The Simmering Part of the Creative Process

The “simmering” step of writing and editing is essential to high quality content. Over the years of editing many different writers and producing my own content, I have found that the most overlooked parts of the process are the thinking and simmering stages. The creative process tends toward mediocre when rushed or pushed.

1. Thinking time. My best writing comes after I have had time to ponder a topic. Often I will put a block of time on my calendar a week before an article is due. This gives me time to clarify the topic, mull over approaches, talk to other people, consult experts and think about the audience. This warm up time results in a cleaner first draft.

2. Get it down. The first draft isn’t the place to stress over word count or finesse. Start writing and get the big idea and take away down clearly. Often this draft is longer than necessary and includes some extra ideas or rabbit trails.

3. Let it sit. Overnight is preferable. If I have to turn writing around the same day, a stroll around the office, slowly sipping a cup of tea or switching to other tasks for an hour can give some objective distance from the content.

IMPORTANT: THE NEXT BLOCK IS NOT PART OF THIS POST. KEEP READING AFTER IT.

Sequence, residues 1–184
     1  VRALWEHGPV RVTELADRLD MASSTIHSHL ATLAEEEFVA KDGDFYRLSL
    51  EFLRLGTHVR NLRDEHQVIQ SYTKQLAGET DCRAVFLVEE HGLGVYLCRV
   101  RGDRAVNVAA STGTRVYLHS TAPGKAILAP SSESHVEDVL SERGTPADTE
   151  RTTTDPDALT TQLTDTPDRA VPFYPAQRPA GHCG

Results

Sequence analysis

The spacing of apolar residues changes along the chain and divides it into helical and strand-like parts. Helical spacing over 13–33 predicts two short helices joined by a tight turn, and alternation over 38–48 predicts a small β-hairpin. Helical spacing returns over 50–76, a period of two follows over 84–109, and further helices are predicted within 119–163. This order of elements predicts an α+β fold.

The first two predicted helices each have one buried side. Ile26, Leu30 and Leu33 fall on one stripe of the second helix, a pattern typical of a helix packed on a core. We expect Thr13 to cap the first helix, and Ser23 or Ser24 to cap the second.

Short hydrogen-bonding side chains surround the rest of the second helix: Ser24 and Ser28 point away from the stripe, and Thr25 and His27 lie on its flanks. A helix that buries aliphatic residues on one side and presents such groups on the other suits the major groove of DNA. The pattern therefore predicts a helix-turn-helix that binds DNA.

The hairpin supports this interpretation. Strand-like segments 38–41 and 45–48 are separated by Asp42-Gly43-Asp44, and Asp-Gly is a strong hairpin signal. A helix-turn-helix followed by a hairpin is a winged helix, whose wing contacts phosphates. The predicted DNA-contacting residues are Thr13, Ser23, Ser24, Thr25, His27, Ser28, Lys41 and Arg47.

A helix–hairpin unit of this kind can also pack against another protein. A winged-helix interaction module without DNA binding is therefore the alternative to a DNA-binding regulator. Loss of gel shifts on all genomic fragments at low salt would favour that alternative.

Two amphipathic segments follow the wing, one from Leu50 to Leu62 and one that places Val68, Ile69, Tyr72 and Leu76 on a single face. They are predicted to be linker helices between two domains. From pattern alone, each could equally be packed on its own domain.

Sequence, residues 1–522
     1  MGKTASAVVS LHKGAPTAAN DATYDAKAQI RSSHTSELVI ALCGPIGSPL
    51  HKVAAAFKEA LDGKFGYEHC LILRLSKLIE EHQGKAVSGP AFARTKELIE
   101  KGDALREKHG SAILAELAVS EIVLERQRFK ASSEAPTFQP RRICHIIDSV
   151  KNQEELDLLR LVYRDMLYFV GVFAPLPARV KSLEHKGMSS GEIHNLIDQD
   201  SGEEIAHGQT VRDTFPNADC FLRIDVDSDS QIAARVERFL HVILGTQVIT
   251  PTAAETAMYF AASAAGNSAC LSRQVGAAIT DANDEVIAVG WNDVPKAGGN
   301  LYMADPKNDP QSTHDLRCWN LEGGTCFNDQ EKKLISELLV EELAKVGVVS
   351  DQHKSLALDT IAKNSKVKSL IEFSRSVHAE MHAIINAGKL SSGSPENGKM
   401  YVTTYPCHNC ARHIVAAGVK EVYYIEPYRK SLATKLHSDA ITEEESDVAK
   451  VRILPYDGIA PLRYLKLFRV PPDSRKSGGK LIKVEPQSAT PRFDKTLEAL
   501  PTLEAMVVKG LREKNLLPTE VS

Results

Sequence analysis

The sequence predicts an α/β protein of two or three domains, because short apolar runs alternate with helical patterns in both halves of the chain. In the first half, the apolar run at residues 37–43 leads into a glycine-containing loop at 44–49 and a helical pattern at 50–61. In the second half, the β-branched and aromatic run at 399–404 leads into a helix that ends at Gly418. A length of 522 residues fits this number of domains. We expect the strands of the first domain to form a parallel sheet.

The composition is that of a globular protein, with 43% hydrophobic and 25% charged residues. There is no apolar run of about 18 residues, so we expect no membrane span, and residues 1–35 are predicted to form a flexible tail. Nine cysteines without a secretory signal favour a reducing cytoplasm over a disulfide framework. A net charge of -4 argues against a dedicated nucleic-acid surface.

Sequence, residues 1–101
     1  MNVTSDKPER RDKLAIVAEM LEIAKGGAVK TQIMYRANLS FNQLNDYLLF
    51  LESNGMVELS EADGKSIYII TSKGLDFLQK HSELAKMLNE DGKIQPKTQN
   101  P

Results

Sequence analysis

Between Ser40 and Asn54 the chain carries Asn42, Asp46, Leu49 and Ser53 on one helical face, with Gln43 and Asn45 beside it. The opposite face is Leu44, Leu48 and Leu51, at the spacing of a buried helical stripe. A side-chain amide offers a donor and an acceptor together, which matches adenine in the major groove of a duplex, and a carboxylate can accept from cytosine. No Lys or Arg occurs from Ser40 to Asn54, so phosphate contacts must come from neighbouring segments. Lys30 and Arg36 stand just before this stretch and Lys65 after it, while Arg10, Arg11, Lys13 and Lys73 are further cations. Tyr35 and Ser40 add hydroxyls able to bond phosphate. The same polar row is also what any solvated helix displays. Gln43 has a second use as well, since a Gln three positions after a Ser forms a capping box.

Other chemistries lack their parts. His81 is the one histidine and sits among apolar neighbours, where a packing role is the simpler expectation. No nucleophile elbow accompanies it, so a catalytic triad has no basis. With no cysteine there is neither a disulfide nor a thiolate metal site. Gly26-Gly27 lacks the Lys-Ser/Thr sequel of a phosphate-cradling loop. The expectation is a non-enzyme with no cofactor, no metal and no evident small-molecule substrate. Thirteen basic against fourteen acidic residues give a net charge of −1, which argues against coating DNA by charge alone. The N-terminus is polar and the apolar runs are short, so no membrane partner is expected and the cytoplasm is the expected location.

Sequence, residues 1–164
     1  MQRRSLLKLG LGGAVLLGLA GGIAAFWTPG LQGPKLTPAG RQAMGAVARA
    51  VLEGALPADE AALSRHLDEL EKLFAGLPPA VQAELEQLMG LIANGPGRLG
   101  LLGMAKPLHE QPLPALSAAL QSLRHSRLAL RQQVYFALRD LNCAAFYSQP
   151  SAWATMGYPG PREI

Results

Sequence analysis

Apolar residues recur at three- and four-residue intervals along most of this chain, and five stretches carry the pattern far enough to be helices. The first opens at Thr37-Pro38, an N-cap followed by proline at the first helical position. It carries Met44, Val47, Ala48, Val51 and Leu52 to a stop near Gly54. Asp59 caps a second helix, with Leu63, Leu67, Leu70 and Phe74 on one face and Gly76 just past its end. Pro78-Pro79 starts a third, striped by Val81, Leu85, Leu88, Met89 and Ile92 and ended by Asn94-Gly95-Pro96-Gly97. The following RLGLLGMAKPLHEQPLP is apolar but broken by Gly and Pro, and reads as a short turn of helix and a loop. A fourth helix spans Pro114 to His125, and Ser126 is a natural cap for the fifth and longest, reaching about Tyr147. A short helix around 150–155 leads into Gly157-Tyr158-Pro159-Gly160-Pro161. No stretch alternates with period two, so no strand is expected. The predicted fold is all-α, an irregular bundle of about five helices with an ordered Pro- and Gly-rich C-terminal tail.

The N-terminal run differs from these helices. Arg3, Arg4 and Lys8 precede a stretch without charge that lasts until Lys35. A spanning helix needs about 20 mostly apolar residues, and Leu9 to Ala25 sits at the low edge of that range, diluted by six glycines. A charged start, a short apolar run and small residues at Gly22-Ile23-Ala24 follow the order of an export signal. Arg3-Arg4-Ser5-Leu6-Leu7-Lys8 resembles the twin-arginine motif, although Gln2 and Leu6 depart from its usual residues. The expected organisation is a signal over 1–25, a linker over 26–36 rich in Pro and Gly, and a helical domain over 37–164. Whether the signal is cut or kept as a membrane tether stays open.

4. Read it critically. Is the big idea and take away clear? Is there a strong beginning? Is there extraneous material? Pay attention to word count. Edit ruthlessly. Just because I love all my words doesn’t mean that they are all memorable for my reader.

5. Let it sit again. The next revisions will be much better if I again get some distance from my work.

6. Go through one more time. Make every word count. Pay attention to construction, clarity, grammar, voice, tense.  Think about the reader. How will they process what I am writing?

7. Give it to an editor and expect revisions. They are not as wed to my precious words as I am and they hold an overall vision and perspective that I cannot see. Trust them and follow their lead in revisions.

When I receive content from writers who stopped at step #2, I make suggestions and send it back. My readers deserve more time and thought than just a few ideas typed into a file. They deserve finely crafted content. And that takes simmering time, thought, energy and skill, by both writers and editors.

Leave a comment

1 Comment

  1. Shelly Radic

     /  November 13, 2013

    Matt, My friend and former coworker/editor writes this. This one is basic but always good to remember.


Leave a Reply

Fill in your details below or click an icon to log in: Logo

You are commenting using your account. Log Out /  Change )

Twitter picture

You are commenting using your Twitter account. Log Out /  Change )

Facebook photo

You are commenting using your Facebook account. Log Out /  Change )

Connecting to %s

  • Enter your email address to follow the Fine Print Editorial blog and receive notifications of new posts by email.

%d bloggers like this: